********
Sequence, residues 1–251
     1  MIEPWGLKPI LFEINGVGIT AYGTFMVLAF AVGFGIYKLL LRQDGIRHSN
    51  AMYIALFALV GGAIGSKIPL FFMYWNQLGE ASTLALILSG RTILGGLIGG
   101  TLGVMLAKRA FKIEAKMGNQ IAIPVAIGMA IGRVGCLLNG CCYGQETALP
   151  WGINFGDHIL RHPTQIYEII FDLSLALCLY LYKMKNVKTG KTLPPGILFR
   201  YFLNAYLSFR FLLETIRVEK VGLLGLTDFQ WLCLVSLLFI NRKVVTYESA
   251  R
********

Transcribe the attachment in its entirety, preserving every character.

Sequence, residues 1–251
     1  MIEPWGLKPI LFEINGVGIT AYGTFMVLAF AVGFGIYKLL LRQDGIRHSN
    51  AMYIALFALV GGAIGSKIPL FFMYWNQLGE ASTLALILSG RTILGGLIGG
   101  TLGVMLAKRA FKIEAKMGNQ IAIPVAIGMA IGRVGCLLNG CCYGQETALP
   151  WGINFGDHIL RHPTQIYEII FDLSLALCLY LYKMKNVKTG KTLPPGILFR
   201  YFLNAYLSFR FLLETIRVEK VGLLGLTDFQ WLCLVSLLFI NRKVVTYESA
   251  R